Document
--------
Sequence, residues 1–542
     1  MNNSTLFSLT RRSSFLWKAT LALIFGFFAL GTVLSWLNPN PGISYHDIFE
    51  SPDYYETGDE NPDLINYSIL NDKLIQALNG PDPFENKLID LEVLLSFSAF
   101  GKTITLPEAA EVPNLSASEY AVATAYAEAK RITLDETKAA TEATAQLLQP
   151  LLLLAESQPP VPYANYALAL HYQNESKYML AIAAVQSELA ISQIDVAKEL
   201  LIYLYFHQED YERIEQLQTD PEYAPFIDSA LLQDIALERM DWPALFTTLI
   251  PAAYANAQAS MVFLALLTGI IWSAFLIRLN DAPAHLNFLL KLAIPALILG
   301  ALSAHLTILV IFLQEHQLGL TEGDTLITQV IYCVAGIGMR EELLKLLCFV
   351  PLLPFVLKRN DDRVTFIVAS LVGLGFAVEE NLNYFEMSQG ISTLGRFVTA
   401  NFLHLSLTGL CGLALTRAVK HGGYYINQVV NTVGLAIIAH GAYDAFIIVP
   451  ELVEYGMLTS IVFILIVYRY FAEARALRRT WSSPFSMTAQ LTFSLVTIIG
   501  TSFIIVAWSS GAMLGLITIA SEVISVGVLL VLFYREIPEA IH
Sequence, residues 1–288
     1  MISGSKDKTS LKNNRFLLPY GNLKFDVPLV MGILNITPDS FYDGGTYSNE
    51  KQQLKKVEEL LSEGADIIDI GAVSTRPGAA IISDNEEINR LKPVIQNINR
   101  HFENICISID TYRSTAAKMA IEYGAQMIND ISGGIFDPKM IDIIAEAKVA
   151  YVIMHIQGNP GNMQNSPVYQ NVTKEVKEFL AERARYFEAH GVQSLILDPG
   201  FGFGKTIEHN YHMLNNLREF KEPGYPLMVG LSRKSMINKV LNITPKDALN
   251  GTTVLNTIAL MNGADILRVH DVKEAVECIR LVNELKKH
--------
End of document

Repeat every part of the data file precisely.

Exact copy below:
Sequence, residues 1–542
     1  MNNSTLFSLT RRSSFLWKAT LALIFGFFAL GTVLSWLNPN PGISYHDIFE
    51  SPDYYETGDE NPDLINYSIL NDKLIQALNG PDPFENKLID LEVLLSFSAF
   101  GKTITLPEAA EVPNLSASEY AVATAYAEAK RITLDETKAA TEATAQLLQP
   151  LLLLAESQPP VPYANYALAL HYQNESKYML AIAAVQSELA ISQIDVAKEL
   201  LIYLYFHQED YERIEQLQTD PEYAPFIDSA LLQDIALERM DWPALFTTLI
   251  PAAYANAQAS MVFLALLTGI IWSAFLIRLN DAPAHLNFLL KLAIPALILG
   301  ALSAHLTILV IFLQEHQLGL TEGDTLITQV IYCVAGIGMR EELLKLLCFV
   351  PLLPFVLKRN DDRVTFIVAS LVGLGFAVEE NLNYFEMSQG ISTLGRFVTA
   401  NFLHLSLTGL CGLALTRAVK HGGYYINQVV NTVGLAIIAH GAYDAFIIVP
   451  ELVEYGMLTS IVFILIVYRY FAEARALRRT WSSPFSMTAQ LTFSLVTIIG
   501  TSFIIVAWSS GAMLGLITIA SEVISVGVLL VLFYREIPEA IH
Sequence, residues 1–288
     1  MISGSKDKTS LKNNRFLLPY GNLKFDVPLV MGILNITPDS FYDGGTYSNE
    51  KQQLKKVEEL LSEGADIIDI GAVSTRPGAA IISDNEEINR LKPVIQNINR
   101  HFENICISID TYRSTAAKMA IEYGAQMIND ISGGIFDPKM IDIIAEAKVA
   151  YVIMHIQGNP GNMQNSPVYQ NVTKEVKEFL AERARYFEAH GVQSLILDPG
   201  FGFGKTIEHN YHMLNNLREF KEPGYPLMVG LSRKSMINKV LNITPKDALN
   251  GTTVLNTIAL MNGADILRVH DVKEAVECIR LVNELKKH